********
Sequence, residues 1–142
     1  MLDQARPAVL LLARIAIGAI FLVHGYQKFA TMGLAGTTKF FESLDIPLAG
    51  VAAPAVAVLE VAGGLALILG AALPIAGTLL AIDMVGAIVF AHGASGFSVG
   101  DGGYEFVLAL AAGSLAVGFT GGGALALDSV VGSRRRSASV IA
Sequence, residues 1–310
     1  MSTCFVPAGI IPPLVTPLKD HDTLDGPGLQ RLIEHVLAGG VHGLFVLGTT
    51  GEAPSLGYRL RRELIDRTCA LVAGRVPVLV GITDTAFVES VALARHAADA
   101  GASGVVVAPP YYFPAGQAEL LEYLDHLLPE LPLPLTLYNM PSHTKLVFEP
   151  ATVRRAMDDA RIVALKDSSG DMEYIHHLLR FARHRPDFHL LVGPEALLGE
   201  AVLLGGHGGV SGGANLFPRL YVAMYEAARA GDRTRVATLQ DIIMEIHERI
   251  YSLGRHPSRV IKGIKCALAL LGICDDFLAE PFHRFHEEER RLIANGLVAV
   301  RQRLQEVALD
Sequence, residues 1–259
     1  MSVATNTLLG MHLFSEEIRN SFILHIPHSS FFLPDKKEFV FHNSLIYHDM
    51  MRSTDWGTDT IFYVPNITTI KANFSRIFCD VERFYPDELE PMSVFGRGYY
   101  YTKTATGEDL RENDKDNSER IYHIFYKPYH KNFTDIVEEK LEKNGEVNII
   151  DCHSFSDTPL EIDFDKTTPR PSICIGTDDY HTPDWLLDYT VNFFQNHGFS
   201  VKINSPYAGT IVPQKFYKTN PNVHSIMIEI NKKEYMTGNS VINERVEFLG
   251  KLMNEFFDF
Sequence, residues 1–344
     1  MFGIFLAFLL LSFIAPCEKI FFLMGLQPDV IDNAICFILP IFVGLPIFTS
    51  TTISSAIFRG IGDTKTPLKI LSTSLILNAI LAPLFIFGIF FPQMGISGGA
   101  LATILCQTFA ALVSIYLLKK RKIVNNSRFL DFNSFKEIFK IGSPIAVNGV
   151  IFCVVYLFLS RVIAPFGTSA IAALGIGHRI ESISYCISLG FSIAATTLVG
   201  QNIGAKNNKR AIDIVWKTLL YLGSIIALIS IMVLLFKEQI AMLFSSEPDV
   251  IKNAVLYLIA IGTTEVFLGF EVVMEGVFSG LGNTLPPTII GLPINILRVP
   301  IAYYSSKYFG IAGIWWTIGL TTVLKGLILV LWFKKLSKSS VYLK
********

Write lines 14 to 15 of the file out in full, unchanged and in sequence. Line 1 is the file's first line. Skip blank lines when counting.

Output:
     1  MSVATNTLLG MHLFSEEIRN SFILHIPHSS FFLPDKKEFV FHNSLIYHDM
    51  MRSTDWGTDT IFYVPNITTI KANFSRIFCD VERFYPDELE PMSVFGRGYY